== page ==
The original inspiration of Naropa University was Chogyam Trungpa Rinpoche’s great appreciation for the University of Nalanda, in ancient India.
Not far from the Ganges River and Bodgaya in North West India, on a flat plain that used to be fertile, lies the ruins of Nalanda’s many classrooms, libraries, monasteries, stairways, and entrance gates, where once over 3,000 students and teachers from all over Asia lived.
Surrounded by a great wall, Nalanda was adorned with majestic towers and turrets, carved and ornamented red pillars, many balustrades, and beautiful tile roofs. The university was supported by generous endowments from Gupta kings, who, even though they were not Buddhist, considered Nalanda a source of cultural pride and a worthy way to gain spiritual merit.
Nalanda attracted students from Bengal, Ceylon, Java, Sumatra, China, Mongolia, Japan, Korea and Turkestan for over 700 years, and the monarchs of those kingdoms and empires also made gifts to support the mahavira or monastic university known for its superior scholarship. In modern terms Nalanda was like the Oxford of the East.
Entrance requirements to the University were high. A student desiring admission had to be well-versed in both Sanskrit and the buddhadharma. Entrance exams were taken at the gate, where learned gatekeepers like Naropa posed challenging questions. Only one in 10 students gained admission.
Once admitted, monks had to be fastidious with their study, discipline, and attention to detail—whether they were attending for two or for 20 years. Wake up was at dawn, bathing was done in outdoor ponds, and food was prepared in their cell-like rooms so that the rest of the day could be devoted to study.
All three yanas (different schools of the buddhadharma) were taught at Nalanda—Hinayana, Mahayana, and Vajrayana. In fact, Nalanda is considered one of the birthplaces of Vajrayana. But also the Vedas and Upanishads were studied.
Because of its fine scholarship and cultural richness, early Tibetan institutions were modeled on this famed monastic university.
Sadly, Nalanda fell under attack from Muslim invaders in 1199 AD and was plundered. Most of its inhabitants—both students and teachers—were put to death.
Although on a more modest scale, Naropa University in Boulder, Colorado seems to have inherited the living spirit of Nalanda, for it is a place where East meets West, where both academic excellence and contemplative insight are fostered, and where there is the intention to educate the whole student.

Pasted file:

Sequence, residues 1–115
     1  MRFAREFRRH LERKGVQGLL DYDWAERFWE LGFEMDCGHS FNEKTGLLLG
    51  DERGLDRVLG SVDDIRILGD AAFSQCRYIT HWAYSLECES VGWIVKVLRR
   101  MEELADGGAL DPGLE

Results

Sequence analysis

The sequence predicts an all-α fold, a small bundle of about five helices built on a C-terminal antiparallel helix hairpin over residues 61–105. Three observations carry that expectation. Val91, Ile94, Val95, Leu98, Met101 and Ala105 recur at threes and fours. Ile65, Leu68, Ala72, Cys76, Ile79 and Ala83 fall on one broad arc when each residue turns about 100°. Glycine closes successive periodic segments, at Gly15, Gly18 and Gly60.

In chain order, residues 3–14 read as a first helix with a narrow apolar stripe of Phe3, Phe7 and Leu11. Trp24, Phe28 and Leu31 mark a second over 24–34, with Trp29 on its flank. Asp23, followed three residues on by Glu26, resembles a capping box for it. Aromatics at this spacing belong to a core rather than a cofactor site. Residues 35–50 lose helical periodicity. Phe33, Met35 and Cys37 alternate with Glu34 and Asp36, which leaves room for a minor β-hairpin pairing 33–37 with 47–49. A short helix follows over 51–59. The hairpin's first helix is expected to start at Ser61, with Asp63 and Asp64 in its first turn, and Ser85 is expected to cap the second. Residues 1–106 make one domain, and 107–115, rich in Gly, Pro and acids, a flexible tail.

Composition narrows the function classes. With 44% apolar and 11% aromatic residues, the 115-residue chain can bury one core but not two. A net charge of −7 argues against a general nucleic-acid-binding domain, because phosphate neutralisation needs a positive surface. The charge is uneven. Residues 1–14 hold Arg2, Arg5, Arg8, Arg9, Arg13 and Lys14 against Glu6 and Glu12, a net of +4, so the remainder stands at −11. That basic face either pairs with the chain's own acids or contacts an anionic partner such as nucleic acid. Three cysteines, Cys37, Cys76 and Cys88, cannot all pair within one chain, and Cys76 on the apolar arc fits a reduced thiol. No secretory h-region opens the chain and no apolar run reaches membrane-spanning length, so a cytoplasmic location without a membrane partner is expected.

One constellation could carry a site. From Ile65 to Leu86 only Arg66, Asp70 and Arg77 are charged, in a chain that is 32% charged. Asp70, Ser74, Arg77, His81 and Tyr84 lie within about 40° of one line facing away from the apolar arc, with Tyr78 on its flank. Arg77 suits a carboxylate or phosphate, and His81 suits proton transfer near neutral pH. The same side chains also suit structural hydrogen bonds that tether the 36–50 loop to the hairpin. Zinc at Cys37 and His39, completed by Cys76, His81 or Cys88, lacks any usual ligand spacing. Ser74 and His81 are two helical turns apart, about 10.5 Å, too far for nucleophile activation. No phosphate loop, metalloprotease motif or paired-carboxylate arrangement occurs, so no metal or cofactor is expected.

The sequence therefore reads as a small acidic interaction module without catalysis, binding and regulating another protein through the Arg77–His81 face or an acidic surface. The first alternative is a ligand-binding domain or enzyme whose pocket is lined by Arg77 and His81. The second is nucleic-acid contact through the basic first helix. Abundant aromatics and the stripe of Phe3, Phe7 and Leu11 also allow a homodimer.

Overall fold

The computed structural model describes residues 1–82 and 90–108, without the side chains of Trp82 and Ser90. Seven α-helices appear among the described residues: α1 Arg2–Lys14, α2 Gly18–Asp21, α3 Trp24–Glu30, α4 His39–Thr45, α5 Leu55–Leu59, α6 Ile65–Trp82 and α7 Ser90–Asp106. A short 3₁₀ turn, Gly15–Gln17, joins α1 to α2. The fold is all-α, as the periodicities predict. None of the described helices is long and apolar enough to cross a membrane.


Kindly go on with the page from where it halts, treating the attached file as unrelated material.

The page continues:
Obviously Naropa is not monastic, although a few Buddhist monks and nuns have attended and graduated from programs at Naropa over its three decades. And though the contemplative aspect of the buddhadharma pervades the tone, if not the actual teaching in the classrooms, it is a more intimate student experience, as the student to teacher ratio is a luxurious 9:1.
The school started in 1974 as Naropa Institute, even the most faithful of Trungpa Rinpoche’s students could not have envisioned the almost overwhelming success of that opening summer. Students from all over the United States swarmed into Boulder for its inception. Even then, only a few shared Trungpa Rinpoche’s vision that Naropa could become a full-fledged university one day.
That day came in 1993 and now, these days Naropa has expanded into three campuses. Enrollment is up and the University is becoming more selective, its graduate programs more competitive. Naropa has received a $1.9 million title 3 grant.
Unless colleges have been blessed with huge endowments like Harvard, it is always a juggling act to balance so that it is affordable to students while paying all the bills. Naropa does offer scholarships, but out of necessity it has a high percentage of full paying undergraduate students. These students along with their faculty seem to be very committed to being at Naropa. In fact, there is very little faculty turnover over the years.
The current President of Naropa is John Cobb, a graduate of Harvard. It is actually his second time around as president, and it was under his first tenure that Naropa became a University. Under his leadership and tireless exertion Naropa seems to thrive.
Although I worked for Naropa in ’74 and in the mid-80’s taught writing skills and autobiography for three years while being an editor for Naropa, I am aware that things have changed, for I visited the main campus two years ago.
So I am curious, writing this from Nova Scotia—do students, graduates, faculty, friends and neighbors acquainted with Naropa feel that it is evolving toward, or already living up to Trungpa Rinpoche’s original inspiration?
Is Naropa University on its way to being, as Rinpoche put it, like Nalanda, “run with great efficiency, all-pervading discipline, and a sense of celebration”?
Editor: Brianna Bemel
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